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Study reveals that footballers are 50 per cent more likely to suffer from dementia

A recent study has found that footballers have a 50% higher risk of developing dementia. The study was conducted by the University of Glasgow and was based on an analysis of medical records of over 8,000 former professional football players.

The study found that footballers had a higher risk of neurodegenerative diseases, such as dementia, compared to the general population. The study also found that the risk of dementia increased with the number of times a player headed the ball during their career.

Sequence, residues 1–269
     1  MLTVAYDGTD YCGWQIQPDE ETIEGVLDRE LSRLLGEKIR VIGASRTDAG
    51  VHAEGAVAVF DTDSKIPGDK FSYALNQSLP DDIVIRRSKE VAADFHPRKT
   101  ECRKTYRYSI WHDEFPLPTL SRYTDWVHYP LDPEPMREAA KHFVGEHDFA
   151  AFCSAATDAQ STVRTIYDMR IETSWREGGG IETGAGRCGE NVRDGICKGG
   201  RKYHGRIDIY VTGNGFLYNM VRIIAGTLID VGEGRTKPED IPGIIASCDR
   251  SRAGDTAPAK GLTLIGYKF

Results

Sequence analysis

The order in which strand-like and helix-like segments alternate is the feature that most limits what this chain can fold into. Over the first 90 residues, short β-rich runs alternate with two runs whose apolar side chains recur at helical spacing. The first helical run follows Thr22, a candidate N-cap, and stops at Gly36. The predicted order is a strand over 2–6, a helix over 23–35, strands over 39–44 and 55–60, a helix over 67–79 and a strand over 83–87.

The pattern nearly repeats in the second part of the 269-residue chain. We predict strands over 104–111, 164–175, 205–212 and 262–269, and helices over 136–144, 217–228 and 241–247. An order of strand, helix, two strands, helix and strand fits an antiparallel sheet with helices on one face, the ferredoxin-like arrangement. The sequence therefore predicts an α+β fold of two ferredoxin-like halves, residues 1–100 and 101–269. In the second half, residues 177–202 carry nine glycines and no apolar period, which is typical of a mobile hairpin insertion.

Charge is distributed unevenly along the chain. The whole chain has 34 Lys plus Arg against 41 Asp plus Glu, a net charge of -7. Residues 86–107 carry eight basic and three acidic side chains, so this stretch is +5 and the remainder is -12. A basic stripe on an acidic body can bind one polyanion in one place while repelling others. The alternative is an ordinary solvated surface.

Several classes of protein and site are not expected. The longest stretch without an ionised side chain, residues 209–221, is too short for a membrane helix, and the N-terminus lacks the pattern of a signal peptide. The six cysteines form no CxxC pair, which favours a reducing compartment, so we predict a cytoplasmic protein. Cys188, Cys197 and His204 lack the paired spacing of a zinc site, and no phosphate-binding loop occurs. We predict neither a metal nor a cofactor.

The findings have raised concerns about the safety of football and the potential long-term health effects on players. Football authorities have already taken steps to reduce the risk of head injuries, including limiting the number of headers allowed during training sessions.

However, some experts have called for further action, such as the introduction of temporary substitutes to allow for more thorough assessments of head injuries during matches.

The study adds to the growing body of evidence linking head injuries in sports to long-term health problems, including dementia.

Efforts are being made to improve player safety and reduce the risk of head injuries in sports, including the development of new technologies to monitor head impacts and the implementation of stricter rules and regulations.


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